Thursday, September 8, 2011

Principles Help Guide High School Athletes

Schools are looking for athletic programs to make a greater impact on students’ maturity and character. It’s an old song, but one that gets louder especially when something negative occurs that involves an athlete. Educators and coaches know that powerful examples help instill good values in students.

At Sporting Chance Press, we have a couple books that provide some excellent examples for students. These are books teachers and coaches will enjoy:

The 10 Commandments of Baseball and Public Bonehead, Private Hero

The 10 Commandments of Baseball: An Affectionate Look at Joe McCarthy’s Principles for Success in Baseball (and Life) by J. D. Thorne examines legendary MLB manager Joe McCarthy’s simple principles and illustrates them with the author’s own personal experiences along with classic stories from baseball’s golden era. McCarthy’s principles can be boiled down to short phrases like “always run them, take the bat off your shoulder, never quit, make the right play, respect authority,” and more. When coupled with brief story images of Babe Ruth, Ty Cobb, Willie Mays, Joe DiMaggio and dozens of others, the principles come to life. The 10 Commandments of Baseball teach kids about effort, doing things right and seeing them through. Thorne's book is fun to read and the reading level is accessible to students.

Public Bonehead, Private Hero: The Real Legacy of Baseball’s Fred Merkle by Mike Cameron is a historical and personal account of the most famous play in baseball history and the poor rookie who suffered from it throughout his life. On September 23, 1908, 19-year old Fred Merkle was the youngest player on the New York Giants. He was slotted into the lineup in a critical game against the mighty Chicago Cubs. When Merkle came up to bat in the bottom of the ninth with the score tied 1—1 and Moose McCormick on first, he rifled a single to right field easily advancing McCormick to third. Up next, Shortstop slugger Al Bridwell whacked a low liner that scored McCormack for the "win." But as was the custom at the time, Merkle turned from the base path and raced towards the clubhouse rather than tag second.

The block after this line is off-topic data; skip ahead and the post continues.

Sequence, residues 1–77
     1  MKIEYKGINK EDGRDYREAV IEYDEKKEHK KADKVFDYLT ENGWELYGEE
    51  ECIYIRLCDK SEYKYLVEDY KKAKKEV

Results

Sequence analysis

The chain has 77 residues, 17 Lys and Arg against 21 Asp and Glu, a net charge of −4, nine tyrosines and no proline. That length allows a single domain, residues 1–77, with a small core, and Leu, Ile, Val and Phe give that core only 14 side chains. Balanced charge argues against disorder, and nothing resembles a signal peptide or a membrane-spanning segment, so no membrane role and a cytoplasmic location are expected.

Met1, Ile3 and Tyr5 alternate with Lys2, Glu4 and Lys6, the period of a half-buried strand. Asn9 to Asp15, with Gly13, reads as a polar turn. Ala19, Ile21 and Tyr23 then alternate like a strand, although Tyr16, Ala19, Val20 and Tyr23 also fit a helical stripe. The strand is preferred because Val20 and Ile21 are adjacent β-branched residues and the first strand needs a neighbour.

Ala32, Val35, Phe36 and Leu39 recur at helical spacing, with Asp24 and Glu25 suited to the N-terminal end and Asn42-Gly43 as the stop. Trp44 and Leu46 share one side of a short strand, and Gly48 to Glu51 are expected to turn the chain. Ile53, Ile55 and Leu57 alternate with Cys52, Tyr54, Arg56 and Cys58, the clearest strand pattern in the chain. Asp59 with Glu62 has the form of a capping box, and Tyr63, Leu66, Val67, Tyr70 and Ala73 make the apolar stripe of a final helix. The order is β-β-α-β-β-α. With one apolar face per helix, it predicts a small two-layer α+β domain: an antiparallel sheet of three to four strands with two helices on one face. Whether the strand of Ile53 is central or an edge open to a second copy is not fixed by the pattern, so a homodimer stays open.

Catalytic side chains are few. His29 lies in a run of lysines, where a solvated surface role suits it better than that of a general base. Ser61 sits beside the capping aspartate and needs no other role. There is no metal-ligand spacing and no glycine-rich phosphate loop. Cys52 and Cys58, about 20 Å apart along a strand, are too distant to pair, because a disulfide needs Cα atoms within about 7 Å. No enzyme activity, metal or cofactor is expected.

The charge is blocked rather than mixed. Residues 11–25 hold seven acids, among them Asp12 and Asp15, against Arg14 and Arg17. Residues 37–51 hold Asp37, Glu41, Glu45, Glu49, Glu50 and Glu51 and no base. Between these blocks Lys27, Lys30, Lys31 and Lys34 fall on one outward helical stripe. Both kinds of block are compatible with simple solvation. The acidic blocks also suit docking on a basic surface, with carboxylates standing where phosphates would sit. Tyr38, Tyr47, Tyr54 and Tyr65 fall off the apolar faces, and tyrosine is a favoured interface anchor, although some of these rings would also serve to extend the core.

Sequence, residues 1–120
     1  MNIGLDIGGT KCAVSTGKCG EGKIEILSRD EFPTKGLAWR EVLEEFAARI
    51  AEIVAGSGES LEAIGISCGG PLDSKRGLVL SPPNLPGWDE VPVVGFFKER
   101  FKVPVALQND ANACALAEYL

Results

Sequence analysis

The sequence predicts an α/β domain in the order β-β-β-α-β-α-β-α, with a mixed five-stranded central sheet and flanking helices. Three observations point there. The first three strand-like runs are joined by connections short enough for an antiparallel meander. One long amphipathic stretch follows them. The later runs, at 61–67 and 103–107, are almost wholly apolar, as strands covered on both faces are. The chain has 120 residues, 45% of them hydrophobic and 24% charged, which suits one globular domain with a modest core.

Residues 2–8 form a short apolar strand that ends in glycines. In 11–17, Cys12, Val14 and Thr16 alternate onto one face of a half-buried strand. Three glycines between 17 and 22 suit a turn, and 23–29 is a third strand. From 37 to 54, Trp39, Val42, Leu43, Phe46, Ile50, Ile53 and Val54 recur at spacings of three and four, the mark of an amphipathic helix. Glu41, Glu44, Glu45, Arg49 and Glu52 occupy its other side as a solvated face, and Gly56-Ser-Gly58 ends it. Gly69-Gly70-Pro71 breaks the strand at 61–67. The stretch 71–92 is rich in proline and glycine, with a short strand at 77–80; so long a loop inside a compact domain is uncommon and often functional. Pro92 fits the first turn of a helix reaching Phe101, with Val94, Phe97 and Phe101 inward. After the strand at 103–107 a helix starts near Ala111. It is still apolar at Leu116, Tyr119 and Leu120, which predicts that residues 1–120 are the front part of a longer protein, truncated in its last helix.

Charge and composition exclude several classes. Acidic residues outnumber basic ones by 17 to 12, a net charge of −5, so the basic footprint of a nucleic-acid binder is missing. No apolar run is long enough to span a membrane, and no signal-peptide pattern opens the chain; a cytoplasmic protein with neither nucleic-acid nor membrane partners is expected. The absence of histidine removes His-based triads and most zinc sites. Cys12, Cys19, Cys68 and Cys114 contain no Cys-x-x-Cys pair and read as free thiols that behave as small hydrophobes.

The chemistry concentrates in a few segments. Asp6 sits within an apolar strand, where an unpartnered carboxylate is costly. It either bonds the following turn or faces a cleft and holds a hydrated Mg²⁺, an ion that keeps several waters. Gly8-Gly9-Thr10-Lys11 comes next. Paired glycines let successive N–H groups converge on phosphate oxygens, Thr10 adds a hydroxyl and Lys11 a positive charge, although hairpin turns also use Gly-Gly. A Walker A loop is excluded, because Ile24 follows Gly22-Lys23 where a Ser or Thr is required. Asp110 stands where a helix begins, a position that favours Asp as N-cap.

Modern fans know that even if a team scores on such a play, the runner should advance to the next base and tag it to avoid a force-out. The score is nullified on the force out. Unfortunately for Fred Merkle, in 1908 this rule had not been enforced, especially when the winning hit traveled to the outfield. September 23, however, was different.

The rule was enforced. Merkle was called out, and the game was ruled a tie. A protest ensued to no avail and at the end of the season a rubber match was played for the Pennant because the mighty Cubs and feisty Giants had identical records for the season. The Cubs won the rubber match, the Pennant and the World Series. Merkle was unfairly Christened "Bonehead.” He was vilified so severely by the press that today over a hundred years after the Merkle game, the name Merkle is still associated with the moniker "Bonehead."

Author Mike Cameron sets the record straight in Public Bonehead, Private Hero. The author establishes the historical context of the game and then recounts the 1908 season and its aftermath for Fred Merkle and his family. By understanding how an intelligent athlete like Merkle could be maligned and vilified (bullied by the press), students can understand the impact of bullying and ridicule in their own lives.

he 10 Commandments of Baseball and Public Bonehead, Private Hero should be part of every high school library and can be ordered at Sporting Chance Press. Both authors, J. D. Thorne and Mike Camero, are available to speak schools, clubs and libraries. If interested, please contact us at .

Above Image from Library of Congress, William Perlitch, U.S. Office of War

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